Even though Mike Law is sitting out some of his volleyball game, he’s still cheering on his team.
“Let’s go Golden Boys, come on,” he shouts from the sidelines. “Ben, what’s the score?”
“13-11,” Benoit Forrest, the team captain replies.
“Good, we’re winning,” says Law as he takes a sip of water and reaches down towards his bag.
“This is the jersey I usually wear,” he says as he unzips his bag and pulls out a crumpled up black and grey jersey. He holds the jersey up, displaying the number four on the back. But the name bar doesn’t say Law, it says Beyoncé.
“Opponents ask me why I’m called Beyoncé,” he says. “It’s obviously because I’m the sexiest and the most talented one in the group.”
The Golden Boys Volleyball played their first exhibition game of the season on Thu. Oct. 2, 2014 at Soul Sanctuary Church.
Law is the only remaining original members of the Golden Boys, an all-gay, Winnipeg based volleyball team established in 1993 that competes in the Winnipeg Men’s League.
The Golden Boys are all gay men except for one straight player.
“We’ve never had any troubles with the men’s league,” says Law. “Everyone knows we’re all gay. I mean, come on, we’re called the Golden Boys. It just sounds gay.”
Eric Anderson is a professor of masculinity, sexuality and sport at the University of Winchester in the United Kingdom. He has written six books that directly deal with homophobia and sexuality in sports.
“If a single drop of homophobia exists in the millions of sporting environments out there, it’s a problem, but it’s a declining problem.”
Professional sports teams have taken steps to combat homophobia in their locker rooms. A lot of teams have lent their support to the You Can Play project organized by Philadelphia Flyers scout Patrick Burke and his father Brian Burke.
The You Can Play project was started to combat homophobia in sports with a focus on the abilities of the athlete, and not their sexuality. They released their first video, The Faceoff, in 2012 when they aired a commercial during the National Hockey League’s Winter Classic game. The commercial featured NHL players such as Joffery Lupul, Claude Giroux, Duncan Keith and Henrik Lundquist.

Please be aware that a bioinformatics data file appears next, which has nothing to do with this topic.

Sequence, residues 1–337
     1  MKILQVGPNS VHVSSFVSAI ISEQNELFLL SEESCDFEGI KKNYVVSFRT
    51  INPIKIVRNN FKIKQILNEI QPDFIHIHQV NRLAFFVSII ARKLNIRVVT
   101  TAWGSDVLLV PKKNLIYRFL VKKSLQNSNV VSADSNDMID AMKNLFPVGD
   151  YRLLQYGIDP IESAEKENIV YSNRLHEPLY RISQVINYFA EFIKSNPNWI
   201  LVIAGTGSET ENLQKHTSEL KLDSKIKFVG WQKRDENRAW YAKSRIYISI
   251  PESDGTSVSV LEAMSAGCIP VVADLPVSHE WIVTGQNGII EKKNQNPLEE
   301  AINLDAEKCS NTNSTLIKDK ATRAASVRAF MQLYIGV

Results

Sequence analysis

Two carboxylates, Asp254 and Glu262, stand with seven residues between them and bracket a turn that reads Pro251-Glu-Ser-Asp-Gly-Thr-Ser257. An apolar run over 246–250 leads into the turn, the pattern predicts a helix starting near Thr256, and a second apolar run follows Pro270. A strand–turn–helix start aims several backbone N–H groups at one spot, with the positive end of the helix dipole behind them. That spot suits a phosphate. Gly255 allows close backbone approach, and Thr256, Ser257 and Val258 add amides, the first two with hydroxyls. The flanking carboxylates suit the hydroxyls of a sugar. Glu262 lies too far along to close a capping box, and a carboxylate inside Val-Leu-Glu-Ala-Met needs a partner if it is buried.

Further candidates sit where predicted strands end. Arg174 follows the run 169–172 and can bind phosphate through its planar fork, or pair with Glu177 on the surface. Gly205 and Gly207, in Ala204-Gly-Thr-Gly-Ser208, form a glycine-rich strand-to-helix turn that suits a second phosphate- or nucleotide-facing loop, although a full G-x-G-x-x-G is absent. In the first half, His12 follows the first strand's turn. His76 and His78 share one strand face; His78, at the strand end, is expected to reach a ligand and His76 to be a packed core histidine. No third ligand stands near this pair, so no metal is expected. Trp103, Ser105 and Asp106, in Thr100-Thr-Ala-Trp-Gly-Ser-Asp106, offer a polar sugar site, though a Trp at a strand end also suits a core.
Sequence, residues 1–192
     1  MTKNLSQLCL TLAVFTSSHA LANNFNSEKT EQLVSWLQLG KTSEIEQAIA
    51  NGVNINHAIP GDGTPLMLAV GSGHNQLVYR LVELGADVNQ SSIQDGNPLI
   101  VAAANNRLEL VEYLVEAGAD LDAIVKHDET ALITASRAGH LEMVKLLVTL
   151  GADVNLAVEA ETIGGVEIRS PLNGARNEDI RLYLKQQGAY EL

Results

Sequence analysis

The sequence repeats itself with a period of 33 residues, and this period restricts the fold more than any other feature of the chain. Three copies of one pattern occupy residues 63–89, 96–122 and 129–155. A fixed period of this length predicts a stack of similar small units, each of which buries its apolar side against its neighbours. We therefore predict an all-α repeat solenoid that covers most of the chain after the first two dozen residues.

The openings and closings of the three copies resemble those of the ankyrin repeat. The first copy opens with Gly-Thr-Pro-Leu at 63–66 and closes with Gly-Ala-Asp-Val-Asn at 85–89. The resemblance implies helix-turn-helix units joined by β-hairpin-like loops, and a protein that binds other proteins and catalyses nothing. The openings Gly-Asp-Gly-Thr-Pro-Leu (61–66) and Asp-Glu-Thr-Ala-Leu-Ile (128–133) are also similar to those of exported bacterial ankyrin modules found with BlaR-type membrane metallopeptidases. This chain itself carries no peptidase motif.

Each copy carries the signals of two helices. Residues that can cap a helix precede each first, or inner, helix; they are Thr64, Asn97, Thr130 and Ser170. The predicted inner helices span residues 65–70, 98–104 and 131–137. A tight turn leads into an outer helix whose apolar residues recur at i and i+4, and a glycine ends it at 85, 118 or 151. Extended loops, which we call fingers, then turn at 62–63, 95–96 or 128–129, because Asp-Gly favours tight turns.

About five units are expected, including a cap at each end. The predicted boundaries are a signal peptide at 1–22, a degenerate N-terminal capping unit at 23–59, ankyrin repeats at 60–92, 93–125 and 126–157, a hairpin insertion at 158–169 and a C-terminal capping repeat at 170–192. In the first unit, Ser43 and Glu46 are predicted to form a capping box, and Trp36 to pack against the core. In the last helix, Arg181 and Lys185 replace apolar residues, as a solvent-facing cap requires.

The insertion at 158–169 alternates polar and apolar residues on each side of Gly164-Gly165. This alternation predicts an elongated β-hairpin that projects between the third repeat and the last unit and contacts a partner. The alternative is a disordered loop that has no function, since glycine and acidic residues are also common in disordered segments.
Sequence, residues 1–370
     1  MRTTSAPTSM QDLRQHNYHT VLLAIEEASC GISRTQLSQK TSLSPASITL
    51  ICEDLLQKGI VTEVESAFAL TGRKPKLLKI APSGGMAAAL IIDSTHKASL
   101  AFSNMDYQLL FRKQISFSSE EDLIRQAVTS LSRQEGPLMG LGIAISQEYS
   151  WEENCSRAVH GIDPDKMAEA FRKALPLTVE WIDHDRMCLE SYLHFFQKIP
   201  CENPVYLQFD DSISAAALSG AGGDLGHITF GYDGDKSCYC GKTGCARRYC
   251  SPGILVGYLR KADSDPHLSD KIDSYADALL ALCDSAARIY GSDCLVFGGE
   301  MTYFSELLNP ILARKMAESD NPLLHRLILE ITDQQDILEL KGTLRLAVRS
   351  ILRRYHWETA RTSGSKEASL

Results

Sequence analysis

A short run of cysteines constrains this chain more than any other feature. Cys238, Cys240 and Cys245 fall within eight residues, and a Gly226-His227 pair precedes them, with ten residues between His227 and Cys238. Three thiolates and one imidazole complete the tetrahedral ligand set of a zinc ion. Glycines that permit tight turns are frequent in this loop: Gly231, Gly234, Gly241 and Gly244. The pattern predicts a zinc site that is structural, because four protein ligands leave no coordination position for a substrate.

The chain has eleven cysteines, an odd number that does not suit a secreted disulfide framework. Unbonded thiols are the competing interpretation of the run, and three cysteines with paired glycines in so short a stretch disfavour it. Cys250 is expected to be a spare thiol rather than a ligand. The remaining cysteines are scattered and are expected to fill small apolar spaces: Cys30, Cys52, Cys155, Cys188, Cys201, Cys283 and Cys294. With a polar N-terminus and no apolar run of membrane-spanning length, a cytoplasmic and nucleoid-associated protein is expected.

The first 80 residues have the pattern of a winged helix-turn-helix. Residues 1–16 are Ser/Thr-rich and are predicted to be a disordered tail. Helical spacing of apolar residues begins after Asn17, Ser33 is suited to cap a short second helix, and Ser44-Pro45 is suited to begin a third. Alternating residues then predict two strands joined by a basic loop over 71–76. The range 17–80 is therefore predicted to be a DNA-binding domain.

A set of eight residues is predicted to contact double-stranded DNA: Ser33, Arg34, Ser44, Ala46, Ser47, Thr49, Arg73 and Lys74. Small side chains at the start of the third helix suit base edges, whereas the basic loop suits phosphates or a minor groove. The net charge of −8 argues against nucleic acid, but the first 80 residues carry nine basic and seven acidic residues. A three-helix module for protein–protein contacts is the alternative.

All 30 NHL teams, as well as players such Steven Stamkos, Ryan Kesler and Winnipeg Jet Dustin Byfuglien, have pledged their support
This project is positive and helpful, according to Anderson. However, he says every player’s experience is different and acceptance should be spread at local levels.
“It’s nice that something like that is out there intending to do good,” he says. “But if you live in a place that isn’t very accepting you’re probably not going to come out, regardless of what professional athletes say.”
Law figures he’s never encountered any homophobia in his experience with sports because he was in the closet until later in life.
“I didn’t come out until well after high school,” he says. “For adults I don’t think it’s as much of a problem, but younger kids are more immature.”
Adam Brandt, a 23-year-old Red River College student can attest to that.
When he was in middle school, Brandt enjoyed playing soccer, badminton and volleyball. But when he entered high school, he started to gravitate away from team sports.
“Grade nine was around the time I hit puberty and realized I wasn’t heterosexual,” says Brandt. “People would say things like ‘that’s so gay’ and it made me feel bad.
“I made an effort to stay away from team sports,” he continues. “Stuff like that made me feel uncomfortable and I didn’t feel safe in that environment.”
Winnipeg does have a recreational sports organization called Out There Sports & Recreation, for LGBT athletes. It offers different sports for gay athletes.
Brandt says he would consider getting back into team sports if he were to someday enter a safer environment like Out There.
“It’s comforting there’s a safe place for homosexual athletes,” he says. “Then you’ll always have someone to talk to if you have issues.”
Anderson thinks cases similar to Brandt’s are diminishing in sports culture and people are becoming more accepting. Though the problem is not completely gone.
“I used to think sports was a social anchor for the gay movement but now it’s becoming a powerful tool,” says Anderson. “Homosexuality used to be stigmatized, but now homophobia is what’s becoming stigmatized.”
All photos by Stephen Burns
This is the 1st article in a series by Stephen Burns on sexual orientation in sports. You can read the other articles in which Burns profiles several gay athletes and examines their journey through the world of sports, by clicking on this link here: Out of the closet and off the bench